Who will be the main victims of that challenge? My colleague from Gatineau told us several times. The main victims of the Conservatives' incompetence at drafting bills and studying issues thoroughly are the victims of bullying. The main victims will not be parliamentarians, lawyers or judges. No, the main victims will be victims of bullying, who unfortunately will have to wait for a legal challenge—which could take years and could go all the way to the Supreme Court—before justice is served.

I would like to underline the fact that when the Minister of Justice held his press conference, he said that Bill C-13 only legislated on a specific issue, namely cyberbullying. I know of several articles that quoted him as saying that this was not an omnibus bill and that its only purpose was to legislate on cyberbullying.

However, this bill contains a clause that gives not only peace officers, but also public officers access to these powers. Several experts wondered who would have access to these powers. Who would have access to Canadians' information? Would it be only the police, and only in specific situations, or would it be public officers from Revenue Canada in other situations?

This bill is so badly written that, unfortunately, the main victims who will be denied justice will be victims of bullying. Is that really what the Conservative government wants?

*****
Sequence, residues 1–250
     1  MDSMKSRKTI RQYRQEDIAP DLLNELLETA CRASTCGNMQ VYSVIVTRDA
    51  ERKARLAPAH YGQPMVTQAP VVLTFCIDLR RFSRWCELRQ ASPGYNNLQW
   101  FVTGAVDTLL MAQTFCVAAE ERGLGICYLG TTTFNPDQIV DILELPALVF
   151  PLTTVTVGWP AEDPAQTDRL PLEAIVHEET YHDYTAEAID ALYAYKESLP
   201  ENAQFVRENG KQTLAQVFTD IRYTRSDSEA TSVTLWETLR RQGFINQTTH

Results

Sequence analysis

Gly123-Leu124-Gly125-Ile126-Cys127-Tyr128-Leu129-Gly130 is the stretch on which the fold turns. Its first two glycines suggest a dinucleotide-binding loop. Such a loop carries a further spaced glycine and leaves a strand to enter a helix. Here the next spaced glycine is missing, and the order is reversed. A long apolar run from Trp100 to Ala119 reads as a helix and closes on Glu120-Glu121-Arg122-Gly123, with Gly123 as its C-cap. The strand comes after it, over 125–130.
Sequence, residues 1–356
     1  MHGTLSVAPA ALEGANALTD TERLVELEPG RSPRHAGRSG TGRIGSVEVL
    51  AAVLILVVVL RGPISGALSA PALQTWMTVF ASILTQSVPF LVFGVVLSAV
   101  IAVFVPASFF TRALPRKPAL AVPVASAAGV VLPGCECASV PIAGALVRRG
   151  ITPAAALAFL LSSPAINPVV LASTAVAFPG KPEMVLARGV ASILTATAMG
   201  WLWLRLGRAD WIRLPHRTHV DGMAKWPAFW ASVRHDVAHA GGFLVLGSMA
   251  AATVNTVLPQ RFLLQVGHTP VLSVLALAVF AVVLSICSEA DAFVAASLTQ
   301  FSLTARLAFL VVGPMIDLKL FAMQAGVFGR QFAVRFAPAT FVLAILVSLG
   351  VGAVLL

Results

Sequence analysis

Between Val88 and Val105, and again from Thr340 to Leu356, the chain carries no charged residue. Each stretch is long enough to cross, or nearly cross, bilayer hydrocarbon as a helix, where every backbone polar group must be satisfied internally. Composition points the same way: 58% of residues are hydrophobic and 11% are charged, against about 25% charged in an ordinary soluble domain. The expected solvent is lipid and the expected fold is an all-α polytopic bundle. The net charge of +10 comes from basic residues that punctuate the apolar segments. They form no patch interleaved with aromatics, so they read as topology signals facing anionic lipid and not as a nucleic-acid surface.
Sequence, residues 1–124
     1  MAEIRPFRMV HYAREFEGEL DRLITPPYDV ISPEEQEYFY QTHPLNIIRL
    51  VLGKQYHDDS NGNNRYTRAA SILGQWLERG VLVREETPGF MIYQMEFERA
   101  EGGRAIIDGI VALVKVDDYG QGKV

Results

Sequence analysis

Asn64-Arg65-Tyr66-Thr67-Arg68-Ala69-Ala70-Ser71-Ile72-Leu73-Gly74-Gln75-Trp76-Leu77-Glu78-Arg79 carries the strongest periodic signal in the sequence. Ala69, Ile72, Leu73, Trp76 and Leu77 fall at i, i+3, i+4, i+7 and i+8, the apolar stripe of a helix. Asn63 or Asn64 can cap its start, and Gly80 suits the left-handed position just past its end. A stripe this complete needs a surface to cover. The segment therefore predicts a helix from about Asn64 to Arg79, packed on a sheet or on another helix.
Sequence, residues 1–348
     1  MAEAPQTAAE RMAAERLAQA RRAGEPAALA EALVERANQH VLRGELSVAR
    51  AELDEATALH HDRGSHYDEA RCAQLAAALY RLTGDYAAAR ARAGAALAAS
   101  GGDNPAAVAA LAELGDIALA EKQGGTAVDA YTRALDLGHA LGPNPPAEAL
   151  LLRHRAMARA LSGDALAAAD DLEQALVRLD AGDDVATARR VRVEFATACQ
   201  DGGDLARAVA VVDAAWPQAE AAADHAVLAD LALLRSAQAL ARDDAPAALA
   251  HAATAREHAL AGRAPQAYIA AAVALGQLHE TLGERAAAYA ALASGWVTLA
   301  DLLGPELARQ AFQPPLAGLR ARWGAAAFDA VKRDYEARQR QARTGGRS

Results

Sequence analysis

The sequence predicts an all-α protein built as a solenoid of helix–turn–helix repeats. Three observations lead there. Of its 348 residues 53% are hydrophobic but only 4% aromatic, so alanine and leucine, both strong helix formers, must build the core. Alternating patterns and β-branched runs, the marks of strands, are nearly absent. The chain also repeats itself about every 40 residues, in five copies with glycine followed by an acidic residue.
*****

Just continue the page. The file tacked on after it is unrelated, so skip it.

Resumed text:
Motions in Amendment
Protecting Canadians from Online Crime Act
Government Orders

September 22nd, 2014 / 4:45 p.m.
See context


Jinny Sims Newton—North Delta, BC

Mr. Speaker, I want to thank my colleague, a hard-working member, whom I know is stellar in his service to his constituents. He does amazing work here in the House as well.

This bill is all about politics. It is about playing politics. We have parts of a bill that the current government said would never come forward again, and elements of that bill in Bill C-13 right now that are from Bill C-30. This bill, or kernels of it, originated with the NDP, as I said, by my hard-working colleague from Dartmouth—Cole Harbour.If this bill were separated, we could have passed it months ago. That concerns me. However, once again, the Conservatives would rather bury things that get into invasion of privacy.